1984, Royal Opera House, London <br/> Ulysses Comes Home, Planet Ice, Birmingham <br/> The Knot Garden, Linbury Studio, London

Big Brother isn't watching - he's seen enough
Click to follow
The Independent Culture

'This is from the Ministry of Truth" murmured the tall man as he handed me a neatly folded slip of paper before the premiere of Lorin Maazel's 1984. Uncomfortably, I realised he had been watching me for several minutes. Was it part of the show? Was he in the employ of Big Brother Productions? No. To summarise what was written within, his beef was that the Royal Opera House was legitimising a vanity project.

'This is from the Ministry of Truth" murmured the tall man as he handed me a neatly folded slip of paper before the premiere of Lorin Maazel's 1984. Uncomfortably, I realised he had been watching me for several minutes. Was it part of the show? Was he in the employ of Big Brother Productions? No. To summarise what was written within, his beef was that the Royal Opera House was legitimising a vanity project.

Maazel's self-financed operatic debut is reported to have cost more than £400,000. But if Motorhead can hire Covent Garden, why bar a veteran conductor with a blank cheque? Will one sunset folly cause a stampede? Can we now look forward to the premieres of Barenboim's Brave New World and Mackerras's The Unbearable Lightness of Being? I doubt it. Excepting a few arch references to Strauss in the coloratura calisthenics of the Gym Instructress, Maazel's 1984 has as little to do with opera past, present, or future as "Ace of Spades". Unconscionably sluggish and devoid of political bite, it is instead a musical comedy.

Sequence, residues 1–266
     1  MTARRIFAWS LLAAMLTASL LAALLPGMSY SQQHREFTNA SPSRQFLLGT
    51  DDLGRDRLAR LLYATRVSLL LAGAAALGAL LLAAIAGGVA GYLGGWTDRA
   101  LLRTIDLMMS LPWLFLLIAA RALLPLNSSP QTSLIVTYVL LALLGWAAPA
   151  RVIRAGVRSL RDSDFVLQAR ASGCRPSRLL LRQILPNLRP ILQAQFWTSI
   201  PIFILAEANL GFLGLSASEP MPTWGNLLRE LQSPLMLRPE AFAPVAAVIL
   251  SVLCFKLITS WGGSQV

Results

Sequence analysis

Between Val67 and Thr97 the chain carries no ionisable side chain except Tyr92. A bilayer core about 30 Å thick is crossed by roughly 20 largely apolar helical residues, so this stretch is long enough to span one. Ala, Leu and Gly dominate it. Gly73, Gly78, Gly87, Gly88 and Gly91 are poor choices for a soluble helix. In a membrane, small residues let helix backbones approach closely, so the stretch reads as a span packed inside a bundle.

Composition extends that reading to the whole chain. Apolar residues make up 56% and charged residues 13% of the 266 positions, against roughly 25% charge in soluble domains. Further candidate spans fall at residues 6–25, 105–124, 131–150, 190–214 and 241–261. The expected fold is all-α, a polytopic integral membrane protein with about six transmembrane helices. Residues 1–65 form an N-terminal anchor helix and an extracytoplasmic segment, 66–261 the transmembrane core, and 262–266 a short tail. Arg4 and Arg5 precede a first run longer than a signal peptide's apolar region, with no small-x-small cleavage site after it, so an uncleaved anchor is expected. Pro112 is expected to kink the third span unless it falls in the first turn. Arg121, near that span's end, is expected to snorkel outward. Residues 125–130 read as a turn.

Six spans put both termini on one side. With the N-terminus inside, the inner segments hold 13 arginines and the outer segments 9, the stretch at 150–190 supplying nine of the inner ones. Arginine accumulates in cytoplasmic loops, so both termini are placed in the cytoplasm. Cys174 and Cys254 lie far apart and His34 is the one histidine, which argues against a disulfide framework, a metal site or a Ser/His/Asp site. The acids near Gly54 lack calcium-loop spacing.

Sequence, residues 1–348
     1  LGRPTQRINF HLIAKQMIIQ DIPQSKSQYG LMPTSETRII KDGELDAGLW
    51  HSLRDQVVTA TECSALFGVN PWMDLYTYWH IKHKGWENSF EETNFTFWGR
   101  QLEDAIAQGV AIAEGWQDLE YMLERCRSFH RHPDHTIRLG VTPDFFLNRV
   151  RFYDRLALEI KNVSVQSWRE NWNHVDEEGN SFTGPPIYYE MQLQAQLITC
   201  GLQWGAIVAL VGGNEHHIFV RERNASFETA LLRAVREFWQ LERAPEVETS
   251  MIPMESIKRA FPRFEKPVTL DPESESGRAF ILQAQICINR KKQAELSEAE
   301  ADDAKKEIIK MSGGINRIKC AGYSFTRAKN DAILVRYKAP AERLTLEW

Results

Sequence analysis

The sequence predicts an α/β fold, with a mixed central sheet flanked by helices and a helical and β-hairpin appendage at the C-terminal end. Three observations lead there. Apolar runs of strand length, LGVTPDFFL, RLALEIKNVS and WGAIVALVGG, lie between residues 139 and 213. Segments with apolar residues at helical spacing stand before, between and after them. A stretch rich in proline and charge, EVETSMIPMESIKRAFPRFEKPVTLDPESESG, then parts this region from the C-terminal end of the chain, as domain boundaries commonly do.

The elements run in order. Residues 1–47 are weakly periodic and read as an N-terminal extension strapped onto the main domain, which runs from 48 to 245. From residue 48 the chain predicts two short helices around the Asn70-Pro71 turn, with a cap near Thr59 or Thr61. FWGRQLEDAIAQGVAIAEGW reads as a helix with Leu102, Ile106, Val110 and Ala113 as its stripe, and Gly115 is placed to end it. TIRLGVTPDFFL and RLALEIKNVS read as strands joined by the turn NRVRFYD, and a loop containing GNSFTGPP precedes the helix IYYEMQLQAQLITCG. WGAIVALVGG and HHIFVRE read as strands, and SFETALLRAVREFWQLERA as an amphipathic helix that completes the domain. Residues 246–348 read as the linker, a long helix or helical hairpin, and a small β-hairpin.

The Hate Chorus - a unique synthesis of the worst aspects of Carl Orff and Stephen Sondheim - sets the tone for an evening of unprecedented musical and dramatic arrhythmia. Maazel's word-setting is both histrionic and vacuous; frequently employing odd repetitions, repetitions, repetitions, as though playing for time, time, time, and occasionally stops altogether. Many lines are spoken over lacklustre sound-effects. Private and public utterances are identical in pitch, style and emphasis. Contempt, trust, desire, fear, and hope are blurred by apparently random orchestration. Only the Prole Songs have structure. Maazel's slick jazz, folk, nursery rhyme and barbershop pastiches leaven the intestinal brass and dog-whistle harmonics that pass for atmosphere, but not the execrable love duet - yes, love duet - "A night of one star".

Hear that whirring sound? It's George Orwell spinning in his grave. For tempting as it is to assume that Maazel used a versificator - the Minitrue machine that generates Prole Songs from a stockpile of clichés - to compose 1984, librettists Thomas Meehan (co-writer of The Producers) and J D McClatchy are equally culpable. Not content with ignoring most of Orwell's best lines, Meehan and McClatchy have castrated his political allegory, unbalanced his narrative, redesigned his characters, made Airstrip One a synonym for London, and created a false hierarchy for the Ministry of Truth. Julia (Nancy Gustafson), described as "a rebel from the waist down" in the novel, is here a mawkish romantic, O'Brien (Richard Margison) a snippy sociopath, Syme (Lawrence Brownlee), a buffo tenor with a Newspeak patter song in rhyming couplets, and one of two characters to become a comedy turn. (The other is Diana Damrau's Gym Instructress.) Only Winston (Simon Keenlyside) and Parsons (Jeremy White) approximate Orwell's originals.